Vegetable from the West
To the Chinese, watercress is known as xiyang cai (西洋菜), which literally means “Western vegetable.” And yet, even though its moniker clearly associates it with overseas roots, the vegetable has become such a common ingredient in the kitchens of China and grows in such abundance in southern provinces that many Chinese themselves mistake it for a native plant.
The many fables of the debut of watercress in China are all variations of one story: A Chinese man’s quest to seek fortune in the West goes awry, and he is saved from starvation by watercress. He ultimately brings the plant back to China with him where it becomes a household staple.
A closer-to-reality version of history is that European missionaries introduced the plant in the 19th century, when it was one of the most commonly consumed vegetables in the West. It is claimed that sailors ate it to combat scurvy, while laborers bought bunches of it by the side of the road for breakfast.
In Western culinary history, watercress is one of the oldest known leaf vegetables to be consumed by humans and one of the first used for medicinal purposes. The Greek physician Hippocrates (460-377 BC), often regarded as the “father of medicine,” is said to have chosen the location for his first hospital based on its proximity to a stream so that he could grow watercress to treat his patients.
The tiny, delicate and clover-like leaves of watercress are indeed a treasure-trove of nutrition. Today, it is marketed as a “superfood” and is revered for its significant amounts of iron, calcium and folic acid. Raw watercress has more Vitamin C than oranges, and when compared to other superfoods, such as raw tomatoes and cooked broccoli, it is substantially higher in vitamins A, B1, B6 and E, as well as beta-carotene. It is also touted as an anti-carcinogen.
In traditional Chinese medicine, watercress is a cure-all when it comes to respiratory illnesses. Coughing, sore throats, phlegm, dry mouth, extreme thirst and bad breath can all be cured by consuming a simple soup made from watercress and arhat fruit (luohan guo 罗汉果). Even pneumonia and bronchitis patients are recommended the soup to speed up recovery.
But this delicious, heartwarming soup is not only for those who are ill; many Chinese meals regularly begin and end with a bowl of this piping-hot broth. As watercress is considered a cool and moist food, it is popular during the hot and dry summer months to balance an excess of “heat” in the body.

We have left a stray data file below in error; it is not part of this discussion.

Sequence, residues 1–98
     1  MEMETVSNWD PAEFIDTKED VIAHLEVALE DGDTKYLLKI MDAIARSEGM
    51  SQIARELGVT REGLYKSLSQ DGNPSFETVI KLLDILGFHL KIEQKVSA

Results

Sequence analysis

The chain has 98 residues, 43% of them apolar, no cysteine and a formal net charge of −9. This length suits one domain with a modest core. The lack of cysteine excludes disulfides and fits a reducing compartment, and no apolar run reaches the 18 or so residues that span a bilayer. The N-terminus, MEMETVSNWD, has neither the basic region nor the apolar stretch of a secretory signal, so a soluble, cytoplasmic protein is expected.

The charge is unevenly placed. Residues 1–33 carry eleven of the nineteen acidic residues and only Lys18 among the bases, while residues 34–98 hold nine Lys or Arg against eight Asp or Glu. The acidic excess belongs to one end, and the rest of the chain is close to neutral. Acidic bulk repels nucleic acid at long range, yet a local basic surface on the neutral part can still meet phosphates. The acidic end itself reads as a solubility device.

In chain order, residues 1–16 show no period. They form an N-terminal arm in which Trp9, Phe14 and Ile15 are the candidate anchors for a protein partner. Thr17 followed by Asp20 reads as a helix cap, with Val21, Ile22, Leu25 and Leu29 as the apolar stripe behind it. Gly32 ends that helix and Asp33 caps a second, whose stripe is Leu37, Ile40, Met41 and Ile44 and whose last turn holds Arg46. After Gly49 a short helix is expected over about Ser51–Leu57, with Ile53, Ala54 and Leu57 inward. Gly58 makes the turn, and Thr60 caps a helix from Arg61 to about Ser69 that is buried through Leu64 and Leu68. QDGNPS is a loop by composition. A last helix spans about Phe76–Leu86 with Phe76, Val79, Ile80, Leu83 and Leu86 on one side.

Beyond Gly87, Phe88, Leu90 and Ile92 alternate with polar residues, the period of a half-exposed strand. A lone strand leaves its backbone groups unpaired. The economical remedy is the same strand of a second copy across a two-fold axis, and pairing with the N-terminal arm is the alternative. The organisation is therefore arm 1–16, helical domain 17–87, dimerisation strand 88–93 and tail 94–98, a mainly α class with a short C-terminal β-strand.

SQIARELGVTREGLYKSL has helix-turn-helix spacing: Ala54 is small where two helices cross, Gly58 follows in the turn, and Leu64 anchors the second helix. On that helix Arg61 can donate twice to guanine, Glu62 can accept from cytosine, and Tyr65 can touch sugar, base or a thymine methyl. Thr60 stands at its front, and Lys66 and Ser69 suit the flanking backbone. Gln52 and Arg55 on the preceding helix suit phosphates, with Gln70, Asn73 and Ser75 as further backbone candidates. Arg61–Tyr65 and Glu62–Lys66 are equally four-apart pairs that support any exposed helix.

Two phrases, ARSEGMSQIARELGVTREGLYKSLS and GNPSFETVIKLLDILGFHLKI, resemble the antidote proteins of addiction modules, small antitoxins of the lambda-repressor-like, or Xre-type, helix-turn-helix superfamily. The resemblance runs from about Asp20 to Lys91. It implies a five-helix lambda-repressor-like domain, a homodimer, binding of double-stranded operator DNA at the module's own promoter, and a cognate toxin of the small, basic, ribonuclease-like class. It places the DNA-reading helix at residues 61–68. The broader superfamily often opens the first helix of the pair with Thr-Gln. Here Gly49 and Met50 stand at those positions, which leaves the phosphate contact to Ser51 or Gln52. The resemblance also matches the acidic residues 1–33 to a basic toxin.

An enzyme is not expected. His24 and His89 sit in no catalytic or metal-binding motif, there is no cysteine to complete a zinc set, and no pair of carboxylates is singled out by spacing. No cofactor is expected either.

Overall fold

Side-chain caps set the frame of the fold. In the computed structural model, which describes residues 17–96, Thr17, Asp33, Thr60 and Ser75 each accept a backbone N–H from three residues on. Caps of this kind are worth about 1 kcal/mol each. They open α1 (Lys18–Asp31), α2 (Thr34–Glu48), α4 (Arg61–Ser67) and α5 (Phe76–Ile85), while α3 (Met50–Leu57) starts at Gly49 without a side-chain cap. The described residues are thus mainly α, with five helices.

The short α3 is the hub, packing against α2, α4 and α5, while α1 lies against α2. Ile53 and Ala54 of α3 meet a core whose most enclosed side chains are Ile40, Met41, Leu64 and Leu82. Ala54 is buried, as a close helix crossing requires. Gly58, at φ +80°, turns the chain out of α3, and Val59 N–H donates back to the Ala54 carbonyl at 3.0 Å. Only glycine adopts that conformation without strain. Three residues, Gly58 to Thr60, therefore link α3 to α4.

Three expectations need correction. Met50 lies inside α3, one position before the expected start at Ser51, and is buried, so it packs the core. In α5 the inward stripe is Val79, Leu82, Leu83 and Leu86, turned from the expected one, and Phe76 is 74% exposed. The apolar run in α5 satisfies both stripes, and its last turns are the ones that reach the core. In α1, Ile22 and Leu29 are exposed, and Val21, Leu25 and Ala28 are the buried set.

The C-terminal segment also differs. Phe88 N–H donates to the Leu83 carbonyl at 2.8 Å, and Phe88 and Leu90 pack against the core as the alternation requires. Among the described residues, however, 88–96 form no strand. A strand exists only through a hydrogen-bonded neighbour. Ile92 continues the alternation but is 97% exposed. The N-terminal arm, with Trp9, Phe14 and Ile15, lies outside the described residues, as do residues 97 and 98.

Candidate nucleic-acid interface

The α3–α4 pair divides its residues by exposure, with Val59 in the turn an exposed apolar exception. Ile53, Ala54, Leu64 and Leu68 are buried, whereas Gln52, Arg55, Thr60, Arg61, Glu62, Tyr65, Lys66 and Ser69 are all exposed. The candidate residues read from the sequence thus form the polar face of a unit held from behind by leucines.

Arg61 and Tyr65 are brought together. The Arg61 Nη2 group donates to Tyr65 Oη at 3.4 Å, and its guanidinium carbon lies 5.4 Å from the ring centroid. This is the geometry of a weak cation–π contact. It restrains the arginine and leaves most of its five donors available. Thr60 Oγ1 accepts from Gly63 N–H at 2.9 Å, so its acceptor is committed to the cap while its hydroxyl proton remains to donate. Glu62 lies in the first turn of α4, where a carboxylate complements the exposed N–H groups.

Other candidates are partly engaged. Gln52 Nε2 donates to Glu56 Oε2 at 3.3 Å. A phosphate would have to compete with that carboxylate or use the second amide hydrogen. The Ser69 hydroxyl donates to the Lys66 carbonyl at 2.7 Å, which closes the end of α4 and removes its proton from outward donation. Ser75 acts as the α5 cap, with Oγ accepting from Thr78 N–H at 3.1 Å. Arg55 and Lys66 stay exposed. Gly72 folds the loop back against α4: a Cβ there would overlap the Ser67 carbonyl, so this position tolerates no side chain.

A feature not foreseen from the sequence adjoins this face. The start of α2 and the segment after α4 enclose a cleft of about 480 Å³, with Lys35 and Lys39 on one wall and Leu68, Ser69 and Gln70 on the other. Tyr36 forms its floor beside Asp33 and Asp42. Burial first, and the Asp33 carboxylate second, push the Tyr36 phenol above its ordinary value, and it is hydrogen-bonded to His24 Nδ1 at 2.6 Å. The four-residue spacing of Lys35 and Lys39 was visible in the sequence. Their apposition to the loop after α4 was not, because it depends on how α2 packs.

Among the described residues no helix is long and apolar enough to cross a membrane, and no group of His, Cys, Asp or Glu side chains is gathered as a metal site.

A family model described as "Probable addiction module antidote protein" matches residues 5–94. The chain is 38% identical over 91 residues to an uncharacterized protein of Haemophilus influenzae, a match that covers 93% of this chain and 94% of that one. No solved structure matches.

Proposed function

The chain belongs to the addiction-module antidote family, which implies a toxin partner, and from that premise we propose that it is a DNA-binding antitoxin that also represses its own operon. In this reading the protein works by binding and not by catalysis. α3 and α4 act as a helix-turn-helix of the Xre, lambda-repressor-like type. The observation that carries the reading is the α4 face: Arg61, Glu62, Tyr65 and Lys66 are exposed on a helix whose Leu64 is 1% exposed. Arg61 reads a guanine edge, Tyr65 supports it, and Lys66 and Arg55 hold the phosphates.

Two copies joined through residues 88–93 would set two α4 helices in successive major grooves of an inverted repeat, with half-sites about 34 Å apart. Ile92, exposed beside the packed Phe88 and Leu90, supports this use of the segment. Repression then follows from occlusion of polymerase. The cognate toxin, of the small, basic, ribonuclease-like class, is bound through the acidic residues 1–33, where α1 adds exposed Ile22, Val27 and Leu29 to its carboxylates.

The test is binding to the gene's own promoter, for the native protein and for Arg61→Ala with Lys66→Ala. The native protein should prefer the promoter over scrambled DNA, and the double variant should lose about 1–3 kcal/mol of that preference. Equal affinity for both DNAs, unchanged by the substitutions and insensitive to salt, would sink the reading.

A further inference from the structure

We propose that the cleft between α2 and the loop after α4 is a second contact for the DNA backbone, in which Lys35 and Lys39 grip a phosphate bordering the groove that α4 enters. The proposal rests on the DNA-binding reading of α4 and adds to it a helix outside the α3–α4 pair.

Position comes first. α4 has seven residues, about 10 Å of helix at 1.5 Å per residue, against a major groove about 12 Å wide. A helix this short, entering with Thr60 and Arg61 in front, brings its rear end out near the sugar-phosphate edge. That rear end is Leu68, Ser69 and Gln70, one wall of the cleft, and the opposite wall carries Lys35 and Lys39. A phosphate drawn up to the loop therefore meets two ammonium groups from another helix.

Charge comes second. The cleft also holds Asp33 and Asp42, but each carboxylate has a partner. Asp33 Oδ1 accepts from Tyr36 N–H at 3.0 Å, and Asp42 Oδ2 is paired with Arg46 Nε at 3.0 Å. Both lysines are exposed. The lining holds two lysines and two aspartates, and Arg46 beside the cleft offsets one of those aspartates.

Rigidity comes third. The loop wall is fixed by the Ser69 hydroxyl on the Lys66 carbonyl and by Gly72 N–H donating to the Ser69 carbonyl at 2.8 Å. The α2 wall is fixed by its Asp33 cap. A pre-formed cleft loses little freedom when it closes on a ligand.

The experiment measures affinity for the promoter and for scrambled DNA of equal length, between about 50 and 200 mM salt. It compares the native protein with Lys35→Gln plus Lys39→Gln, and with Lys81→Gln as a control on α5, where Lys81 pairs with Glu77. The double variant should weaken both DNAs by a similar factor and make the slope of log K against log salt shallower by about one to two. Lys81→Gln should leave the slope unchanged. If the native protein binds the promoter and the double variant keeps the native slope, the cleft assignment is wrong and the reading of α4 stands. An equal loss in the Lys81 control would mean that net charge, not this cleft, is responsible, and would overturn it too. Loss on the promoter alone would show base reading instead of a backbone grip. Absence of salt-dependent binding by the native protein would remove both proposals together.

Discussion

When choosing your watercress, look for small, crisp leaves of a dark emerald color. Before eating or cooking it, be sure to soak the vegetable in plenty of water with a couple tablespoons of salt to tease out any organisms; since it is a semi-aqueous plant usually grown near livestock, the chance of germs or parasites hidden amongst the leaves can be high.
The bitter and peppery taste of raw watercress might be difficult for kids to enjoy, but this can be tempered by cooking it to bring out its sweetness. Instead of the usual watercress salad or sandwich, try a quick stir-fry with a dash of soy sauce and plenty of garlic. Add a sprinkle of sugar to mask any remaining bitterness. Or make a creamy potage cressonniere – a French standby that can be as simple as a couple of potatoes and a bunch of watercress thrown in the food processor with some stock.
Arhat Fruit and Watercress Soup
This dairy and fat-free recipe is incredibly silken in texture and can be served cold as the months warm up ahead. Kids will be so distracted by the velvety mouth-feel that they won’t realize how good it is for them!
• 500g watercress
• 200g pork (shourou 瘦肉)
• Half an arhat fruit (luohan guo 罗汉果)
• Thumb-sized piece of dried mandarin peel (chenpi 陈皮)
• 6 cups of water
Soak the dried mandarin peel in warm water until soft. Remove the peel from the water and scrape the inside of the peel with the blunt edge of a knife to remove the bitter pith.
Place the pork in a pot and add water. Bring to a boil, then turn the heat down to a bare simmer. Leave to cook for one hour.
Add the arhat fruit, mandarin peel and watercress (whole), to the pork stock. If you like, add four dried, sweetened dates (mizao 蜜枣) for flavor – be sure to first rinse the crystallized sugar off the surface of the dates.
Bring the soup back to a high boil, then turn the heat down until barely simmering. Leave to stew for another forty minutes. Alternatively, place everything in a pressure cooker and leave to cook for one-and-a-half to two hours.
Ladle into serving bowls while hot and distribute the watercress evenly. The pork can be served separately, accompanied by soy sauce mixed with ground peppercorns (either white or Sichuan) for dipping.
This creamy soup is a simple-to-make French classic that the entire family can enjoy.
• 500g watercress
• 3 medium potatoes
• 4 cups of chicken stock
• 2 leeks (optional)
• Salt and pepper to taste
Peel and roughly chop the potatoes and leeks. Bring the stock to a boil and add the chopped potatoes and leeks. Let boil until the potatoes become very soft. Add the watercress and simmer for about three minutes or until just wilted. Place everything in a food processor and blend until smooth. The soup will be quite thick but can be made thinner by adding hot water. Return the puree to the pot to heat thoroughly. Add salt and pepper to taste. Ladle into serving bowls and drizzle sour cream or crème fraîche on the surface to garnish.